How can I make my hair less greasy?

The cause of your greasy scalp plays a huge role in how you should treat it. If you're certain your oil production is being heightened by your own routine, you can actually "train" your scalp back to normal. "Finding the right shampoo and using the right products will help to control [oil production]," says New York City hairstylist Erickson Arrunategui. "Switch to a regular shampoo that does not have oils built-in."

His personal favorite is Bumble and bumble's Surf Shampoo [he works at the brand's downtown Manhattan salon], but Allure editors are impartial to Briogeo's Best of Beauty-winning Be Gentle, Be Kind Shampoo.

"To help train your scalp, I recommend shampooing every other day," he advises. After shampooing, he advises only applying conditioner to the ends of the hair. "At first you will feel like it's not working, but you have to do this a few times before you notice a difference."

With this technique you can gradually start washing every two days, then every three, and so on. Arrunategui says you should notice a change after doing this for a month, but if your scalp is still producing a lot of oil, you can add in a monthly clarifying treatment.

Los Angeles hairstylist Justine Marjan adds that massaging castor oil into the roots of your hair before going to bed every once in a while can also help balance the scalp's oil production. "It sounds counterintuitive, but castor oil nourishes hair follicles and fights inflammation." Marjan also recommends keeping a sea salt scalp scrub on hand to "rid the hair of excess oil without stripping it."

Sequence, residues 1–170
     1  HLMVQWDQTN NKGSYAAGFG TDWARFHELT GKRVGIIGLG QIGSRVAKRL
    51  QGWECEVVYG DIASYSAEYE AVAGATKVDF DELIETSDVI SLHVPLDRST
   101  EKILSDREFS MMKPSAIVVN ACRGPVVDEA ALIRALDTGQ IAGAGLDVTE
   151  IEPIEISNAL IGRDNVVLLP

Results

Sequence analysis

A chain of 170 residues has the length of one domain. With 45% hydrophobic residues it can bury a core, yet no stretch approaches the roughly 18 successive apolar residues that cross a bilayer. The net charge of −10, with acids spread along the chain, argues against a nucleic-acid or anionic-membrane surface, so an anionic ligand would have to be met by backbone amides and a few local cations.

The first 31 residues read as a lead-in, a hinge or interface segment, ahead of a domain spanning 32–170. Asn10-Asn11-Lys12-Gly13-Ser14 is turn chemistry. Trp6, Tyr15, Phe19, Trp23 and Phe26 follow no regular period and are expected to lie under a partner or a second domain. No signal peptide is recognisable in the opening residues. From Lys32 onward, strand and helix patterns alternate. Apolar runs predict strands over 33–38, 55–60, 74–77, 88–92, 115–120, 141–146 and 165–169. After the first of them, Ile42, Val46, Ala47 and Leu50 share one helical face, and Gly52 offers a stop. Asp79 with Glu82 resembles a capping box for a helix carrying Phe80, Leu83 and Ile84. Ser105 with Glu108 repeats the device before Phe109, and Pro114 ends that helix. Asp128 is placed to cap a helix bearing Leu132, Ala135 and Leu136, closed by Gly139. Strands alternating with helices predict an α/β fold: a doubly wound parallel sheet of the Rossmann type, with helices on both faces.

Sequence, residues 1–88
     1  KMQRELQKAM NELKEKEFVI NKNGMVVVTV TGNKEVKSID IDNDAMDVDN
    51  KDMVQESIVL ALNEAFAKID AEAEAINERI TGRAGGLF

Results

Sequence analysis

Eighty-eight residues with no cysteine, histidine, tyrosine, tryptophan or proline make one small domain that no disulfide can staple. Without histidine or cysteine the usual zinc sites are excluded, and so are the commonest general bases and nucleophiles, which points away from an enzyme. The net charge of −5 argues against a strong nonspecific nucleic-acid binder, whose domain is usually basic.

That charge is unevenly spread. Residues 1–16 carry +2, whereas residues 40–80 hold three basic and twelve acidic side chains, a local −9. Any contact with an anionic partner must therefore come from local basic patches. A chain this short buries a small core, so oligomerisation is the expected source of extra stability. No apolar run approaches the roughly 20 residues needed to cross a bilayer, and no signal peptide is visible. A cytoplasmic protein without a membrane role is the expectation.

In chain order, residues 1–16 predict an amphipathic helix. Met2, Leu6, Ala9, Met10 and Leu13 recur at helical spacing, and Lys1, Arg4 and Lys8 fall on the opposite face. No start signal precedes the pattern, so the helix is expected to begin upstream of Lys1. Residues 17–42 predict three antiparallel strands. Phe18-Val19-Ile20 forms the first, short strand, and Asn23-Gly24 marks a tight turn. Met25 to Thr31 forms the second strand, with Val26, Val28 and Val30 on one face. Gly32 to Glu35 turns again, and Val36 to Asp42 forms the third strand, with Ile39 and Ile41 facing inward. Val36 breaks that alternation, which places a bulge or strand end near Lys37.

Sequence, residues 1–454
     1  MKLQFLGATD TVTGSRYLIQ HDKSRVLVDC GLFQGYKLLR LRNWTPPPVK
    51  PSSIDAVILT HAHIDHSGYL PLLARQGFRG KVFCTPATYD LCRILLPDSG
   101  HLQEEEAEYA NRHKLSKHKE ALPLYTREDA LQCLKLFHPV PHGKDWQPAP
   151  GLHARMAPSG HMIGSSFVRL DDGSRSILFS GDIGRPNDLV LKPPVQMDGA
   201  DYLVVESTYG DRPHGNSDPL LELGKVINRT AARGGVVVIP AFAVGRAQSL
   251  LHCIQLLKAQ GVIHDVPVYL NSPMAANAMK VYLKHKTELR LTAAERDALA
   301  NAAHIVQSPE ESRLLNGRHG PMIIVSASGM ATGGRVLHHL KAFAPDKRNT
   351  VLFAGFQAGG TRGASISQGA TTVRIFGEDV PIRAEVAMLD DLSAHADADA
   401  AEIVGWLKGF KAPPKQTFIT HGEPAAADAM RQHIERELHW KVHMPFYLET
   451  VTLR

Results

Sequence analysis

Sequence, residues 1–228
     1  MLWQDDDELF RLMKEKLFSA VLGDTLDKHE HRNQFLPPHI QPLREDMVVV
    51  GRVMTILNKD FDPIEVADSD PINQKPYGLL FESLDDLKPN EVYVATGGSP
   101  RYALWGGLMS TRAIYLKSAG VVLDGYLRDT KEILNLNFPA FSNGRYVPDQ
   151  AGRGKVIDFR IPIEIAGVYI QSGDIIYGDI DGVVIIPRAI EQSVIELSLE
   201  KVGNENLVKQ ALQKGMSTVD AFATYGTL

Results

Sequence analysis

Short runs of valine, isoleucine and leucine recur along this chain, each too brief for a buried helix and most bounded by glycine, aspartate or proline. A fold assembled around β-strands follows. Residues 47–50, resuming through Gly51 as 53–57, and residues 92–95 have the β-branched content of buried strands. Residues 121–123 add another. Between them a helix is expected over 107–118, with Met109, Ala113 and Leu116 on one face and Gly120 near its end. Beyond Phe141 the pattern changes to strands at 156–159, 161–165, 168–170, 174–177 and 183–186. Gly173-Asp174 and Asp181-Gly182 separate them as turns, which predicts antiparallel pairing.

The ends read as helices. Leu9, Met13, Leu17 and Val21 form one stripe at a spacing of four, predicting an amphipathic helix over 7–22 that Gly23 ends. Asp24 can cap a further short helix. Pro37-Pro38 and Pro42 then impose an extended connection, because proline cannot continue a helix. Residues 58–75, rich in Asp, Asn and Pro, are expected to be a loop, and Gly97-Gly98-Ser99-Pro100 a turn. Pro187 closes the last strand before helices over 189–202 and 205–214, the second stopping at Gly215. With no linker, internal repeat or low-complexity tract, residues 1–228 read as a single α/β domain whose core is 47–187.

If all else fails, make regular scalp massages a part of your routine. "Not only is this amazing for your scalp circulation, but it is also a great way to de-stress and feel great," Marjan says.

If your oiliness is likely caused by genetics or another factor that's out of your control, Birnbaum says you might need to shampoo more. "For an oily scalp, I recommend more frequent shampooing, up to once a day," she explains. "We don't want to overdo it, as this can lead to dryness and irritation, so it is important to find your personal sweet spot with the number of times a week you wash your hair." If you have curly or coiled hair, you can shampoo less often, she says, but fine hair types might need a little more work.

But once again, this requires the right products in order to work effectively — like clarifying shampoos, which are basically extra-strong formulas made specifically to wash away all the oil and product buildup in the hair. "Consider clarifying shampoos that aim to deep cleanse, better reducing residue, oil, and build-up on the scalp," Birnbaum says. "In addition, I would also consider using a shampoo with salicylic acid such as Neutrogena T/Sal a few times a week."

If following all this advice doesn't get you anywhere, you should consult with a dermatologist, who can determine if you have a skin condition that requires a prescription.